PROVINCETOWN — In the past few weeks, Philip Swayze, who became the owner of the Provincetown Bookshop after inheriting the business from his uncle Joel Newman, has been getting a lot of emails. Swayze put the bookshop — the inventory and the brand, that is, not the building at 246 Commercial St. — up for sale last month with an asking price of $50,000.
The shop will need a new home because the building it occupies was recently bought by Paige Koudijs, the mother of the young men who run Hennep, the new marijuana dispensary next door.
Swayze said this week that he had received many inquiries and offers and had several “robust conversations” with prospective buyers. Some of those conversations have been good; most, not so much.
Swayze spoke optimistically about “one woman from the greater Boston area who is well funded and business savvy and who owns a house in Provincetown,” with whom he has been going back and forth. He described her as his “one real buyer.”
But he’s also received multiple emails from a woman who said that she’s interested in his business and that she’s “cooking up something real good.” She wants to move the Provincetown Bookshop to Northern California and run it from an organic farm, so that customers could simultaneously peruse literature and leafy greens. Swayze told her no.
Overall, Swayze said, he’s hearing from people who have “a lot of interest and passion” in running an independent bookstore, but “no solid plan.” Some have been younger people who moved to Provincetown during the pandemic when their jobs went remote. He appreciates their excitement about getting involved in the community.
“But cool ideas don’t always make for good business,” Swayze said.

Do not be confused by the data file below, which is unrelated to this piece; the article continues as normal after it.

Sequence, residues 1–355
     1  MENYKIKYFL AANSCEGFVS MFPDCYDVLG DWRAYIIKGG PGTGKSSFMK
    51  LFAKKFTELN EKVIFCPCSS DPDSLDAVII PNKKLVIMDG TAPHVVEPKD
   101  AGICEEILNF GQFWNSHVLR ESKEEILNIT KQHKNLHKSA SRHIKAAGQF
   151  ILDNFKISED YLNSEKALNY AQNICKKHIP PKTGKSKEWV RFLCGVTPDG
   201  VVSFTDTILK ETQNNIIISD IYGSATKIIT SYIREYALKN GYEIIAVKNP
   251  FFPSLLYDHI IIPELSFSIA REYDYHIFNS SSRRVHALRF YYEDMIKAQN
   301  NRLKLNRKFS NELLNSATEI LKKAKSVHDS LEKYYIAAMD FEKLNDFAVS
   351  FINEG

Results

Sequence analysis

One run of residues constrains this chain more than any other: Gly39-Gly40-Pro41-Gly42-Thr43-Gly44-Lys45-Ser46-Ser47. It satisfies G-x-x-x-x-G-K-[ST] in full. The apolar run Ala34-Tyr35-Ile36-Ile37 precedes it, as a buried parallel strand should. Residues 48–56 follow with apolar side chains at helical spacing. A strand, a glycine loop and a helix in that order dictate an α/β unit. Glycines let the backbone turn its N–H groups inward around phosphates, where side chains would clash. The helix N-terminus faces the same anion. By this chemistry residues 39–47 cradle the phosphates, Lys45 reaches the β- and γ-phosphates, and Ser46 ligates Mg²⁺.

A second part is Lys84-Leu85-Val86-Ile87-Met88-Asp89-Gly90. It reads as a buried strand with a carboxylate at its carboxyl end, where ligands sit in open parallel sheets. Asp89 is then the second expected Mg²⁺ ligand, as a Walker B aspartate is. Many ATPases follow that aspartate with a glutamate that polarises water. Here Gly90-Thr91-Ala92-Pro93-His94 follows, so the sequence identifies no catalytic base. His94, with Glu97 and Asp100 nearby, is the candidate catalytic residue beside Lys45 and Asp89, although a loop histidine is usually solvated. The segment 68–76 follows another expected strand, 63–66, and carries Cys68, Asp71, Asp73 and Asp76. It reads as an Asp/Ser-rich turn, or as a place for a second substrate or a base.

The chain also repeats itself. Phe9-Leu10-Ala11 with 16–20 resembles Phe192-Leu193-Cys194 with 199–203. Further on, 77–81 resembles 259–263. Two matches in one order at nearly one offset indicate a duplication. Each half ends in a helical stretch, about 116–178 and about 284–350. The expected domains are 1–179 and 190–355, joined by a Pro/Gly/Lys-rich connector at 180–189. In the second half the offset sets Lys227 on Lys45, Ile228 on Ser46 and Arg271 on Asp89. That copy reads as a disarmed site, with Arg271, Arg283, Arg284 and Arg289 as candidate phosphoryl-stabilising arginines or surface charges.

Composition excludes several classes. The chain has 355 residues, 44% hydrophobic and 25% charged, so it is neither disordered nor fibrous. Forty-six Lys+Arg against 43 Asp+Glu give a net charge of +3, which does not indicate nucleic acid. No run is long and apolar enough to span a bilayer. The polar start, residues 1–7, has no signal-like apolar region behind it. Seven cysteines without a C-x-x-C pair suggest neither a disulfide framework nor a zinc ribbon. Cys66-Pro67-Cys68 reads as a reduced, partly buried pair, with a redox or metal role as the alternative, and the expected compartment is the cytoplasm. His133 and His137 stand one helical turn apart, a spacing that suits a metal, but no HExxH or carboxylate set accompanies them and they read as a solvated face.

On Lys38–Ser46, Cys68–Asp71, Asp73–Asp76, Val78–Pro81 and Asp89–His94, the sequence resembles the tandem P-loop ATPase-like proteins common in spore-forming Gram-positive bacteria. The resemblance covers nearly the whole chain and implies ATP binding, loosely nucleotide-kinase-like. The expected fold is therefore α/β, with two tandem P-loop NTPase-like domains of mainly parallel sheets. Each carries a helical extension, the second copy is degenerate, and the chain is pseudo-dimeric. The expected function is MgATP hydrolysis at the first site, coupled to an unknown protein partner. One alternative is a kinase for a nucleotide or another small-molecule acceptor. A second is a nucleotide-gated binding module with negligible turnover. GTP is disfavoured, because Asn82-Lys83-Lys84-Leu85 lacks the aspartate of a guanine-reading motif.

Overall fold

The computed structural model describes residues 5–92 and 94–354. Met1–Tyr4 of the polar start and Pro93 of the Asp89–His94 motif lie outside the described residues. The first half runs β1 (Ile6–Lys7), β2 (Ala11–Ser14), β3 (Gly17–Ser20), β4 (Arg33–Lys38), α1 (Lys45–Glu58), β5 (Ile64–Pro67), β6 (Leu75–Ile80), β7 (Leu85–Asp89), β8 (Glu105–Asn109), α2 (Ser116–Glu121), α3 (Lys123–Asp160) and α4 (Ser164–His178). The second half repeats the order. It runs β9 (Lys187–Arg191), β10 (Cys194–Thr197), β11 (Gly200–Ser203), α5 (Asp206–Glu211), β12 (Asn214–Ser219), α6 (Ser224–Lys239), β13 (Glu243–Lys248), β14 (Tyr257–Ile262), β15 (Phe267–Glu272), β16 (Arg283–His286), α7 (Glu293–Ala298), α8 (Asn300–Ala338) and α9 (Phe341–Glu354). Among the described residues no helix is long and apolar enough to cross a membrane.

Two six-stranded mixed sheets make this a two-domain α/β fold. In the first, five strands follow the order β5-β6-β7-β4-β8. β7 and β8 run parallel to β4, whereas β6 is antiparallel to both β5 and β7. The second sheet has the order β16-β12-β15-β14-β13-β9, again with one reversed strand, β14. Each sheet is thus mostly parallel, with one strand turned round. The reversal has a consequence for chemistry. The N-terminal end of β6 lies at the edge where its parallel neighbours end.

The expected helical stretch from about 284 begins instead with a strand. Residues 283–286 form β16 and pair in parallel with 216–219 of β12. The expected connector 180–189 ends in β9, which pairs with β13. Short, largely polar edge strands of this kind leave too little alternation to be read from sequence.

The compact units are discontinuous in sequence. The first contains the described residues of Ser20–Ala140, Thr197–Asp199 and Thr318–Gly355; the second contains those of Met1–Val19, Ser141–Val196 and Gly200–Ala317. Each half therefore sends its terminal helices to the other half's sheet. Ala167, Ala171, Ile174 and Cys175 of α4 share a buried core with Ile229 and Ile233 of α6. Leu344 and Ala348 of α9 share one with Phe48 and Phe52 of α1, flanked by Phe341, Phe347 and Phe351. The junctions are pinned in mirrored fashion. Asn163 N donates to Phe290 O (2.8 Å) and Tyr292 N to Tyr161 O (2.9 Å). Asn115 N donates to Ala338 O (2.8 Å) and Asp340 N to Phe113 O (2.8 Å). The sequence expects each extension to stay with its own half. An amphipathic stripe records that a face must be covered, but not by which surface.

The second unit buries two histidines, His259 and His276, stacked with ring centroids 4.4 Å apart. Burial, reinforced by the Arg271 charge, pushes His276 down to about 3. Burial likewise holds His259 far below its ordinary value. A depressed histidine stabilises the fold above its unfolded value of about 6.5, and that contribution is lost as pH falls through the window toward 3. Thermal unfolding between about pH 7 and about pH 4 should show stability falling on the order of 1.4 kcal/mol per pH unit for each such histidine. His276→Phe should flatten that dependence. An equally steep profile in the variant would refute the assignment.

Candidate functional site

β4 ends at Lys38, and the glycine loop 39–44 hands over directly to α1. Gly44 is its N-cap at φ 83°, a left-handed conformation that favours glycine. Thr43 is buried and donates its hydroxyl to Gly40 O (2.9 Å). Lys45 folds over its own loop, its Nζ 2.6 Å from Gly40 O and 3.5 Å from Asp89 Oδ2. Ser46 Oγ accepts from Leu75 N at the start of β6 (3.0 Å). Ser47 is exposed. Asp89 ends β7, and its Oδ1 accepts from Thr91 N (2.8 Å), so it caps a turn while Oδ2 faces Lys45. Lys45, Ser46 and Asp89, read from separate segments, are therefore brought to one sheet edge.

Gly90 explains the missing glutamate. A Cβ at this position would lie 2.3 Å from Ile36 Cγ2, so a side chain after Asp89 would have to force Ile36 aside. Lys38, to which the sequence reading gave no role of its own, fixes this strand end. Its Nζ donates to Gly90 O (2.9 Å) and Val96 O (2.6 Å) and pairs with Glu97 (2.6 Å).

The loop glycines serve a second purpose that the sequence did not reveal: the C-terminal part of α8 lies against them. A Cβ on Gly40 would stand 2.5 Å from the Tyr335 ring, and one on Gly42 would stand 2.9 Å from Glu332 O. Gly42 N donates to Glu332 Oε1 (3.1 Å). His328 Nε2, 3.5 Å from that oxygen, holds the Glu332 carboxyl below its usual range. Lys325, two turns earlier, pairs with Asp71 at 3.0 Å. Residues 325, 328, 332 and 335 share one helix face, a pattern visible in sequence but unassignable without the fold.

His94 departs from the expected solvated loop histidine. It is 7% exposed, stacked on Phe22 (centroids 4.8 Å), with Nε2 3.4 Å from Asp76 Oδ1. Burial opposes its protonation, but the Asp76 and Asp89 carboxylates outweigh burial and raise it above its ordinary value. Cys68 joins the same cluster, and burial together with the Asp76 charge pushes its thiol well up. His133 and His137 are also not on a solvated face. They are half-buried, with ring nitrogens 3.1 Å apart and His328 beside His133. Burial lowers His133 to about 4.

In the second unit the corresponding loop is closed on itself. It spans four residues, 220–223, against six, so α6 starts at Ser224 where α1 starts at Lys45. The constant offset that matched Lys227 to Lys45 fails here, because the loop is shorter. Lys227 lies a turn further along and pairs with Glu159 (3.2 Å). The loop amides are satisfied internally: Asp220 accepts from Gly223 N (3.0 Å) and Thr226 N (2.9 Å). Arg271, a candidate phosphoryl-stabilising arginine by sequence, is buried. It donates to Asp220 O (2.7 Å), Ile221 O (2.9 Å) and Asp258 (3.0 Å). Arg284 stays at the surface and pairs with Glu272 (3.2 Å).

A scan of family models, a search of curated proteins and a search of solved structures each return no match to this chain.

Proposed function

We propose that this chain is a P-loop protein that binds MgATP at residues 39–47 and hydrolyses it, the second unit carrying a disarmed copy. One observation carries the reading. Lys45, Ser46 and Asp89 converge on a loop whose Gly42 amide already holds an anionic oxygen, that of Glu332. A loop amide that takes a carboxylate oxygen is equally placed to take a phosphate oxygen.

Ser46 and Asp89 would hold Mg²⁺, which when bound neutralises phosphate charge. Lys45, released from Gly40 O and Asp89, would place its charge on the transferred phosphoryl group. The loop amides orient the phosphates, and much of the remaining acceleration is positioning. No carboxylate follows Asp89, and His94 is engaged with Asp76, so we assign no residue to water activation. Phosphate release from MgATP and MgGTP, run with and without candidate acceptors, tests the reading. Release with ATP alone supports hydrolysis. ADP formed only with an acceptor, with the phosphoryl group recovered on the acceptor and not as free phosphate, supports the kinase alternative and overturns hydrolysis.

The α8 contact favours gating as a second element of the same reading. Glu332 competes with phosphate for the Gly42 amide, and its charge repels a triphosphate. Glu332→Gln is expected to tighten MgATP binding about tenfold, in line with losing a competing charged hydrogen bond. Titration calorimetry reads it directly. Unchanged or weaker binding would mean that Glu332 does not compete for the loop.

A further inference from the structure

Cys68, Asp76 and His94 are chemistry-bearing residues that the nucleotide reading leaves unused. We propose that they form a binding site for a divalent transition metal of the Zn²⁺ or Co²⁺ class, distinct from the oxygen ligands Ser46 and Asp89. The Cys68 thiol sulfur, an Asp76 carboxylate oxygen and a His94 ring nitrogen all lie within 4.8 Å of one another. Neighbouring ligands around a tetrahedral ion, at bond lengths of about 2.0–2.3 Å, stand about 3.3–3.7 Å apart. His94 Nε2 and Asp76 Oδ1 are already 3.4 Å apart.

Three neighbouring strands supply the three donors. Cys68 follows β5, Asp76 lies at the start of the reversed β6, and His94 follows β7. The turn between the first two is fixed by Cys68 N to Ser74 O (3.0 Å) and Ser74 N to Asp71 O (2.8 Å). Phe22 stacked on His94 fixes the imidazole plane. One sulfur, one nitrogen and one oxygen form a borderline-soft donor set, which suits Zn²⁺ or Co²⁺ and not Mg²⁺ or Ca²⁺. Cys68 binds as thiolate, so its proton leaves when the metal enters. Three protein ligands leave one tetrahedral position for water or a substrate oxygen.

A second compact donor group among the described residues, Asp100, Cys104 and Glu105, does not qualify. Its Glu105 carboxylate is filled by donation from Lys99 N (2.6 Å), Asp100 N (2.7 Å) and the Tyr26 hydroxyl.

Finding the right new location for the bookstore will be a big challenge, Swayze knows. “The only reason the bookstore stayed alive all these years was because my uncle owned the building and ran the business,” he said. When he inherited the business, he got the building, too.
“Provincetown rent is way too expensive for an independent bookshop,” he said. “For years, I undercharged myself rent just because it was important for me to keep the store running. That won’t be an option for the next owner.”
On the website of Premier Commercial, the agency that represents much of the available commercial space on the Outer Cape, the least expensive commercial space in Provincetown is listed at $35,000. That’s for a small unit in the rear of a building with little visibility to perambulating tourists. For a space in the thick of Commercial Street — a storefront where people will actually know your business exists — prices are closer to $3.5 million.
Swayze said that saying goodbye to his family business has been made even harder by what has been an extremely successful summer for the Provincetown Bookshop so far. The store saw a threefold increase in sales in June of 2021 compared to the same month over the past five years.
Provincetown has been busy this summer, Swayze said. “Or, I don’t know, it’s an old-Provincetown place,” he said, “and people might just be feeling nostalgic.”